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What is legal fiction and why is it controversial?

I must admit that as we prepare for the intensive course in law and the humanities I find myself struggling with the concept of ‘legal fiction’. LL Fuller describes legal fiction as a statement which is made with a consciousness of its falsity or a false statement recognised as having utility. A more basic definition is provided by the OED: ‘an assertion that is accepted as true for legal purposes, even though it may be untrue’.  I find it somewhat difficult to understand why the use of such fictions is regarded as controversial. It is especially hard to grasp the reason for Bentham’s demonstrable contempt for them as ‘a syphilis’ positioning the legal system with ‘rottonness’.

In an attempt to understand how fictions can be regarded as such I considered the purpose of law.  In ‘The Inner Morality of Law’, Fuller explains the notion of law as a means of achieving social order by subjecting humans to the governance of rules. This description does not require a connection between law and reality; legal fiction is simply an expedient means of fulfilling the function of a legal system.  As Vaihinger notes, jurisprudence is ‘not a science of objective reality but a science of arbitrary human regulations.’  So there is a sense in which the law is a set of rules necessary for creating social order in which the terms of the legal system do not need to accord with reality but merely be accepted by its citizens.  The system may be conceived as self-contained: it it takes existing terms of language, divorces it from its everyday meaning and appropriates it for its own purposes. As Posner reflects on the legal fiction that a chimpanzee is a person, there is no pretence that this means a person as the term is used in ordinary parlance.  Rather, ‘person’ is to be employed more figuratively as a means by which to ensure that the law has the authority to remedy a perceived wrong.

It then came to mind the notion of precrime contained in The Minority Report: individuals are charged for murder despite the fact that they were stopped before committing the act through the invention of technology that enabled the prediction of inevitable acts.  This appears to me to be be a legal fiction: stating that someone has committed murder despite the individual never in reality committing the act. This seems to be unjust as it does not reflect the social reality. Alternatively, the employment of the fiction allows the legal system to achieve social order by subjecting its citizens to its rules.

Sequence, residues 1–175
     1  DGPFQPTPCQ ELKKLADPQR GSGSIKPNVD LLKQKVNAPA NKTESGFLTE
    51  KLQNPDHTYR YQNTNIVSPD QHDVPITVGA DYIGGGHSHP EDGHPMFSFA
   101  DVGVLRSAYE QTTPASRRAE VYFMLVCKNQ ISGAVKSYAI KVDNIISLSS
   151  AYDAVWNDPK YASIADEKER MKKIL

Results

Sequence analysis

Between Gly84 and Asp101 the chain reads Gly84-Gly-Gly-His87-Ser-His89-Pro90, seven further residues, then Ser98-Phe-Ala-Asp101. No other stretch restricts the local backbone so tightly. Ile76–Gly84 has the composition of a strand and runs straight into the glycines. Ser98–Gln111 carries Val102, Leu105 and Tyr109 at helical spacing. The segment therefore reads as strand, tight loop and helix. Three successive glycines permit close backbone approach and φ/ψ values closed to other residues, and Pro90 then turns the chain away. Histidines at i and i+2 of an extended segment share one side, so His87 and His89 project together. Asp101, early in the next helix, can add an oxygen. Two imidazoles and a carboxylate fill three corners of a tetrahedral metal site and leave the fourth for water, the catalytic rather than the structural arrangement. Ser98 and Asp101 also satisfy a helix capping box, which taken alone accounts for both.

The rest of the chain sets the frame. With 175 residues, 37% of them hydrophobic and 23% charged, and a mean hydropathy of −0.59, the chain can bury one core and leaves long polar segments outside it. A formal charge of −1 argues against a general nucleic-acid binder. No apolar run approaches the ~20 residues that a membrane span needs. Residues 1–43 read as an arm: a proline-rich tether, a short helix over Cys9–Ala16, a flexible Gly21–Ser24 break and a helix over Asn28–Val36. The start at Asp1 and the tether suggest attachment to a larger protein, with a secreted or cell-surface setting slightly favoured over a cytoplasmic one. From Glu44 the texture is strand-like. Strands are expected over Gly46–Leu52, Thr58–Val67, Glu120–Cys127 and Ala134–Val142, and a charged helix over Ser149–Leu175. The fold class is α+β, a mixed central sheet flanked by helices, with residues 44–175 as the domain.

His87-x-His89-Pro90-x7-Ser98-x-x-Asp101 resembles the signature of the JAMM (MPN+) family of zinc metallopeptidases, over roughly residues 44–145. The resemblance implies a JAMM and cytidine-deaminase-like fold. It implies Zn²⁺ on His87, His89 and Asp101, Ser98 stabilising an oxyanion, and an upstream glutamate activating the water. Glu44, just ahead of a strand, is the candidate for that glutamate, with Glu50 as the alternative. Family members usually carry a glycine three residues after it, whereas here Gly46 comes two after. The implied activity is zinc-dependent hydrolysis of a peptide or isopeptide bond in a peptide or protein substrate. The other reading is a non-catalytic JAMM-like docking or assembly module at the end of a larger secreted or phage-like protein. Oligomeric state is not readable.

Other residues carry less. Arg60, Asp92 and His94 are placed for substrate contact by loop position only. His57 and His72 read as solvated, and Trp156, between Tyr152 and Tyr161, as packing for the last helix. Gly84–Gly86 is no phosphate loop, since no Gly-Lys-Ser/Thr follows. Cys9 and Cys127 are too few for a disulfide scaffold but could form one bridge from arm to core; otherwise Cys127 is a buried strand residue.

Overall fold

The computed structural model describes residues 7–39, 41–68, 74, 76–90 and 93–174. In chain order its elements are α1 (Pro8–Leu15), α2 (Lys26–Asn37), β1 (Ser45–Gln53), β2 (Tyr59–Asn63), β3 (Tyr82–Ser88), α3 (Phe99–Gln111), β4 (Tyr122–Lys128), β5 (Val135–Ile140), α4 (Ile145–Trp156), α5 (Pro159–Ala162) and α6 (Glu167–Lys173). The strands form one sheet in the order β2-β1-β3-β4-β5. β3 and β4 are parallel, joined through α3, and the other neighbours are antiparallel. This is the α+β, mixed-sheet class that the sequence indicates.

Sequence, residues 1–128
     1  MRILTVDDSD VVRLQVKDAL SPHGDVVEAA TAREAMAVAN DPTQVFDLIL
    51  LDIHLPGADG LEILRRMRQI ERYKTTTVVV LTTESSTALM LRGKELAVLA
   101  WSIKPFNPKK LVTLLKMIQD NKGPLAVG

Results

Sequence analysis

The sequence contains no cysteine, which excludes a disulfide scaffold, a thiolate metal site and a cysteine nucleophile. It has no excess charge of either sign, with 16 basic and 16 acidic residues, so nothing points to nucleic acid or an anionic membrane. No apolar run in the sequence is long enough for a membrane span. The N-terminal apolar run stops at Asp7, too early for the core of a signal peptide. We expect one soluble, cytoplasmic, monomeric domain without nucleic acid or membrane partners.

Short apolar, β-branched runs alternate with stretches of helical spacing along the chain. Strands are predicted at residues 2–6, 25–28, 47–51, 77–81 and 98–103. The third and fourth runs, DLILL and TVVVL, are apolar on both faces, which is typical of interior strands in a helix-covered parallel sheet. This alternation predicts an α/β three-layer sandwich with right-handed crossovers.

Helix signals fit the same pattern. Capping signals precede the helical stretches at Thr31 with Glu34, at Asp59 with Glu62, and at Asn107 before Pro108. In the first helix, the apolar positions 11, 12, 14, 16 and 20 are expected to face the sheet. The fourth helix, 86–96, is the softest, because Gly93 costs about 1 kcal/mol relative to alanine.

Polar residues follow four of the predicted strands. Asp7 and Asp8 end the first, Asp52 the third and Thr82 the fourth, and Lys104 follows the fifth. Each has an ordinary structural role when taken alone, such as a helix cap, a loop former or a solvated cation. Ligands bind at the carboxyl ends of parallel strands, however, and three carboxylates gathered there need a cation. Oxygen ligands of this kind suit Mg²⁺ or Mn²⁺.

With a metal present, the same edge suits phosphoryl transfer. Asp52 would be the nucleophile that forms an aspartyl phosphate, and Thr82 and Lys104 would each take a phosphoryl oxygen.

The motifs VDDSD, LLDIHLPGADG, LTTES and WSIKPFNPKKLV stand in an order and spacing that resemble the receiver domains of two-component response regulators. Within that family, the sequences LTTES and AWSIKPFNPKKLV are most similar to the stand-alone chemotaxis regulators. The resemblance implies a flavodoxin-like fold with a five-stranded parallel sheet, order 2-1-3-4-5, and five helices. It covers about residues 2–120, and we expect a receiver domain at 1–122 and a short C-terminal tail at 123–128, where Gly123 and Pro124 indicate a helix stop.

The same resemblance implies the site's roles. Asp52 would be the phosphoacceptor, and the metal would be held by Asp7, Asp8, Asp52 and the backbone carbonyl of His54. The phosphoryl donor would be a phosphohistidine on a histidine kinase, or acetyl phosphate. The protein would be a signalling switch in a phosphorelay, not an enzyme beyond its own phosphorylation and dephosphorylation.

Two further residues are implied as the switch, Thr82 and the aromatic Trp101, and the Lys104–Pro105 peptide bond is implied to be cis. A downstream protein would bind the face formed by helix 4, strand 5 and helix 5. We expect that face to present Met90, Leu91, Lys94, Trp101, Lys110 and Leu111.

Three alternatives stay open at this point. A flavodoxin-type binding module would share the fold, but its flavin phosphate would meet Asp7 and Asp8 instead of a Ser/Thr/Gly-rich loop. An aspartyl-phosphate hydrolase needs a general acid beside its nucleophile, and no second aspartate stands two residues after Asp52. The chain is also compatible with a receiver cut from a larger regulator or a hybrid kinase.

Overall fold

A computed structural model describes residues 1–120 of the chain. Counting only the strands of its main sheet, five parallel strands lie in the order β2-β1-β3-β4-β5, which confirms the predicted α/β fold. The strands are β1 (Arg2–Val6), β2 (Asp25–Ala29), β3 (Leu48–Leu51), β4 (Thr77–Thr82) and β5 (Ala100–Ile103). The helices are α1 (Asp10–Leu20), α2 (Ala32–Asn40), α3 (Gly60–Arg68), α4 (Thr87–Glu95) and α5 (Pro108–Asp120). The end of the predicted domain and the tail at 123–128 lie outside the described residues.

I am very much looking forward to tomorrow when hopefully the notion and controversy of the legal fiction will become clear.

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One thought on “What is legal fiction and why is it controversial?

  1. hl288 says:

    This is an interesting link between the legal fiction and the precrime predictions as shown in the minority report. Perhaps the link is where the choice element comes in to the equation – the minority reports themselves make the crime which has been predicted the legal fiction. Or perhaps the legal fiction element is found on a deeper level in the apparent certainty of the law?
    Where the link lies in this regard may have closer ties to the idea that law is a kind of ‘knowledge’ or ‘truth’ rather than a construct of personal opinion. Surely we can think to many examples where what once was a ‘truth’ was shown to be fictional because of a shift in societal norms – this is evident in civil rights movements from women’s rights activism throughout history.

    In my opinion, a strong link between the ideas of the minority report and legal fictions comes from what the two fail to do. Both ideas reject outside perspectives in favour of stock stories which create ideas of right and wrong, true and false. Legal fictions prevent an in depth analysis of further possibilities which may prevent the humanitarian element of law from coming through in favour of scientific truth. The minority report does this similarly but in a very extreme way; it presents the idea that there could even possibly be any notion of an alternative future and invited the viewer to question this.

    On the one hand we question whether law could ever account for all of the non-stock stories as it were; surely this is inevitable in a world where commonalities are found in our surroundings and legitimised through the repetition of those norms? On the other hand we have to ask what we lose when the freedom of choice is taken away? Not just in committing a crime but also in the judgement of one, we need to question whether the most ethical thing would be to allow the continuation of stock stories, or whether removing the humanitarian aspect of law is fundamentally dangerous to the rule of law and jurisprudence as we know is today.

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